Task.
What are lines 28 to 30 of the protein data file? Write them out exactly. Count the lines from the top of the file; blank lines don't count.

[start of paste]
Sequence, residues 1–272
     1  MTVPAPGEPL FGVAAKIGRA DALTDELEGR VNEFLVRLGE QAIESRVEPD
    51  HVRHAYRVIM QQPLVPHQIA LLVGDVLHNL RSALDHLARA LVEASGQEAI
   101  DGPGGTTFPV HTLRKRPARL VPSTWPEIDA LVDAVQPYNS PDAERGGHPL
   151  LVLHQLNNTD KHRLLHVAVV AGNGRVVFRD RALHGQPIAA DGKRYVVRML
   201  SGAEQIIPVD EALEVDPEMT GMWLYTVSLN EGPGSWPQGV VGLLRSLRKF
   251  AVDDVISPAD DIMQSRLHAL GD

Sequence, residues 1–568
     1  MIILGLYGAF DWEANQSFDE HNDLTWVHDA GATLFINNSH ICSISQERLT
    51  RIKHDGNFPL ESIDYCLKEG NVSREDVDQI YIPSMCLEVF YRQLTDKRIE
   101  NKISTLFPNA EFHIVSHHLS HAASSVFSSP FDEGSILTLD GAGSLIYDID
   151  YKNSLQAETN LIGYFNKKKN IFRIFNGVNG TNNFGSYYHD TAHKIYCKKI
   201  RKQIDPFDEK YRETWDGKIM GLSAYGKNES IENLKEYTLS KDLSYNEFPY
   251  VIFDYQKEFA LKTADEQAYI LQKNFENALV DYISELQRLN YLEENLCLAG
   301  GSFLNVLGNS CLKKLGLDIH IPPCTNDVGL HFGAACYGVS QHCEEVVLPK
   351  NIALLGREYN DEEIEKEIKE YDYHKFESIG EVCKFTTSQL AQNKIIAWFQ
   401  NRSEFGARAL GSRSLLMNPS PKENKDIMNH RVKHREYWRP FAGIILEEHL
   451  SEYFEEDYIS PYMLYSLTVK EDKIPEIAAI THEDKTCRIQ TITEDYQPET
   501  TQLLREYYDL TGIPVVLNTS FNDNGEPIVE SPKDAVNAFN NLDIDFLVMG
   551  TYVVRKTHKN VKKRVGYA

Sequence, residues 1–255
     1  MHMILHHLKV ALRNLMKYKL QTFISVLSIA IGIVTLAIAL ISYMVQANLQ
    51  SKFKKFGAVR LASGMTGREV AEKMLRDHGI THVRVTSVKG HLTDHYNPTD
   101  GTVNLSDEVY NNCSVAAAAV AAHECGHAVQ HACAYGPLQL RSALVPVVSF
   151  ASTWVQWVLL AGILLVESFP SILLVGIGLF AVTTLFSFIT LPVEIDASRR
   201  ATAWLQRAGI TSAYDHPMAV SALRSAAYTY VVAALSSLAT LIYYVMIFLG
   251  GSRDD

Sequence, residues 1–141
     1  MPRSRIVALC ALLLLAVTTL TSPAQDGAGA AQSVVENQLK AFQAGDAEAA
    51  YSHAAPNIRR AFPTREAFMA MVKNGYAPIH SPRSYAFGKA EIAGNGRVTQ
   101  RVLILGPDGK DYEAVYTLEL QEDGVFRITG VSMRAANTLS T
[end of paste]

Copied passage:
Sequence, residues 1–141
     1  MPRSRIVALC ALLLLAVTTL TSPAQDGAGA AQSVVENQLK AFQAGDAEAA
    51  YSHAAPNIRR AFPTREAFMA MVKNGYAPIH SPRSYAFGKA EIAGNGRVTQ